Prospecting for wholesale accounts is a methodological process that can be learned. As a semi-retired sales rep, I can share some of the wholesale prospecting tips I have learned over the years.
First, the best way to prospect accounts is to visit the town or area where you want to open an account and visit stores in the area that sell similar products. Often, if you find a small store or an independent retailer, you can talk to them about your product line on the spot.
Of course, unless you do a lot of traveling, this method is not a good long-term strategy! Most vendors use phone and email to contact buyers to present their products. It is quick, easy and cost effect.
The Arts Business Institute posted an article last month that outlined some good tips for email prospecting that are excellent.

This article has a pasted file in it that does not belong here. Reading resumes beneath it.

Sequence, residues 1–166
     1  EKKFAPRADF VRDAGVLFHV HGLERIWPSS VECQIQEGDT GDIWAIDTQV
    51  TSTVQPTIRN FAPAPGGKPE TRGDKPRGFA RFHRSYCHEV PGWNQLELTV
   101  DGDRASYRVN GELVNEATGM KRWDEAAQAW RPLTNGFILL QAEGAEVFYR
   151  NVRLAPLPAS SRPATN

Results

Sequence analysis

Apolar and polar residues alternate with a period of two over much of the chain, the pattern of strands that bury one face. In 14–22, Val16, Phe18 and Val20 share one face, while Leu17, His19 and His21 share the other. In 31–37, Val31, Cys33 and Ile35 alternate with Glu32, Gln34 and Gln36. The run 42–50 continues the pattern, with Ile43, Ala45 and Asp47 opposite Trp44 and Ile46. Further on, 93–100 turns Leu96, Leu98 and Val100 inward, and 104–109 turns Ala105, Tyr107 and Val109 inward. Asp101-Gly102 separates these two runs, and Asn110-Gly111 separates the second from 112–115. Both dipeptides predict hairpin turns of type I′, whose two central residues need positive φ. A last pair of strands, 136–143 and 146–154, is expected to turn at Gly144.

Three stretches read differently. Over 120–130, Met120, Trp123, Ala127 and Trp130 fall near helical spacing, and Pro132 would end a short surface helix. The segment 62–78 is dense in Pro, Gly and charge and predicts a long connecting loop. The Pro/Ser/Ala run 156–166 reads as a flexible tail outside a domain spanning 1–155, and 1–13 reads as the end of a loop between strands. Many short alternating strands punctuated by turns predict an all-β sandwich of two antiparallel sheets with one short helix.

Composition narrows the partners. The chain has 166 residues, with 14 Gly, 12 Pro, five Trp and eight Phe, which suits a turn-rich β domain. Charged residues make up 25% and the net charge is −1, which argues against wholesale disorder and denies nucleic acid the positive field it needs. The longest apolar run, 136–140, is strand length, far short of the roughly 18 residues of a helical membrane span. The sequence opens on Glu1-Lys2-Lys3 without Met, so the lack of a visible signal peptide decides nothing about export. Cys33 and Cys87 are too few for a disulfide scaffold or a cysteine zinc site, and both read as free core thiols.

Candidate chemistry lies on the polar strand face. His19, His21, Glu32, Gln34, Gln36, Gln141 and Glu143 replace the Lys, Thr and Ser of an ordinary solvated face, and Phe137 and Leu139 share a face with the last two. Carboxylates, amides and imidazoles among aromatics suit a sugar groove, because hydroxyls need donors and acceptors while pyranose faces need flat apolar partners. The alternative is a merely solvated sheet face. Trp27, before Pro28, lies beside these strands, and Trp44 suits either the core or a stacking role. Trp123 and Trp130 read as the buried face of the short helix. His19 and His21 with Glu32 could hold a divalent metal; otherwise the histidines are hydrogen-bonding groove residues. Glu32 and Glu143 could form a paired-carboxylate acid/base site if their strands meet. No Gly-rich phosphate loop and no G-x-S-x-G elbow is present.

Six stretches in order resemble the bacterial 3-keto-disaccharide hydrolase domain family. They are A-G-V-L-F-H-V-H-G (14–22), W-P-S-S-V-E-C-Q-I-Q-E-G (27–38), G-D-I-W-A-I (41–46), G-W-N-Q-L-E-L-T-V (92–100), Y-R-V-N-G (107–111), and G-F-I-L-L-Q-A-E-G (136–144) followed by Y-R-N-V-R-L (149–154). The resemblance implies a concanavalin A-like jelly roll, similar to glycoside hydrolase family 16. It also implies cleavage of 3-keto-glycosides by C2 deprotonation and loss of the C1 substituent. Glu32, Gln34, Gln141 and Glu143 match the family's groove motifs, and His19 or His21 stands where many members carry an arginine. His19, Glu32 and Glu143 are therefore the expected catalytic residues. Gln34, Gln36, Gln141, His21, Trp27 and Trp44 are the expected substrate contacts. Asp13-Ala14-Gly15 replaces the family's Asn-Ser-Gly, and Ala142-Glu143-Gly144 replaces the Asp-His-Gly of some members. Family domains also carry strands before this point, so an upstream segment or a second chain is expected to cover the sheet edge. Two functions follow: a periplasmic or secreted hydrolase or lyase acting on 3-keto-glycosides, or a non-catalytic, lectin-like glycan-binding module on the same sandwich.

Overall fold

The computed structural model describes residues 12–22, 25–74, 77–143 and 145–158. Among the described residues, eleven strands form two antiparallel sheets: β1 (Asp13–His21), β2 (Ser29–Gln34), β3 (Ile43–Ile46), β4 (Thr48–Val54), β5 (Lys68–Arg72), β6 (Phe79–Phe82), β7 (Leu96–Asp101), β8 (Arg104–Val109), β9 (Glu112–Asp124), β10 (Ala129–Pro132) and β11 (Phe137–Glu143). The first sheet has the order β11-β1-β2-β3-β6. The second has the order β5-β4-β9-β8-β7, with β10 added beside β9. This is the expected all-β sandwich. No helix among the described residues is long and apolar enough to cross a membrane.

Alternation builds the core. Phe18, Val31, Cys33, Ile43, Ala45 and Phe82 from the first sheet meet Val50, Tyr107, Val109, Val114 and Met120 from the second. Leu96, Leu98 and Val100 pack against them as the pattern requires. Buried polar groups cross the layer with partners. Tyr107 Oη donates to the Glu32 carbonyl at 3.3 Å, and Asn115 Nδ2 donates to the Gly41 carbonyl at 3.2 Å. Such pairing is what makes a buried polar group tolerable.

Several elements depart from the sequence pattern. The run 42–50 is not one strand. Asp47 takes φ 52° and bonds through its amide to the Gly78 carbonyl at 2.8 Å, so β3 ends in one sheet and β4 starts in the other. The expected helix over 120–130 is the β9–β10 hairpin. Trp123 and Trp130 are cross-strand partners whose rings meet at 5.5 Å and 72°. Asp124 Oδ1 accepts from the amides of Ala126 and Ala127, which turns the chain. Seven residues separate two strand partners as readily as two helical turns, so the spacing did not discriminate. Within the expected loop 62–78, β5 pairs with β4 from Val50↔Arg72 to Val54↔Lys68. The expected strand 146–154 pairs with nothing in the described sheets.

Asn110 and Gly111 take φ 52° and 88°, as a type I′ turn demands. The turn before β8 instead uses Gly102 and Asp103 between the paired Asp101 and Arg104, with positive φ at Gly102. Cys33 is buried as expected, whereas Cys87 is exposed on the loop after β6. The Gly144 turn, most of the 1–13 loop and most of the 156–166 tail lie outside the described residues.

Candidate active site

A quick summary of tips that can work for you:
- Verify that a particular store is good fit for your products. It only wastes their time and yours to pitch your line to a store that does not carry anything similar to what you make!
- Always use the buyers name in your correspondence. Nothing screams inexperience or thoughtless emails than addressing to Dear Sir/Madame or Dear Buyer. Or worse yet, sending out a form letter to a group of retail stores or buyers!!
- Customize your emails as much as possible. If you cannot physically visit the retailer, at lease check out their website, the products the already stock and get a feel for what this store offers their customers. When you have this information in hand, you can correspond more intelligently with their buyers.
- Stay in touch with your emailed buyers. It often takes several contacts before a buyer will actually place an order, so follow-up is critical. If you want orders, keep following up until you get a firm commitment from the buyers.
- And when you finally land the order, make sure to follow through on all the promises and agreements you made. If you promised a certain ship date, make sure you ship in plenty of time for the buyer to receive the product BEFORE that time.
For more information, check out the complete article from the Arts Business Institute: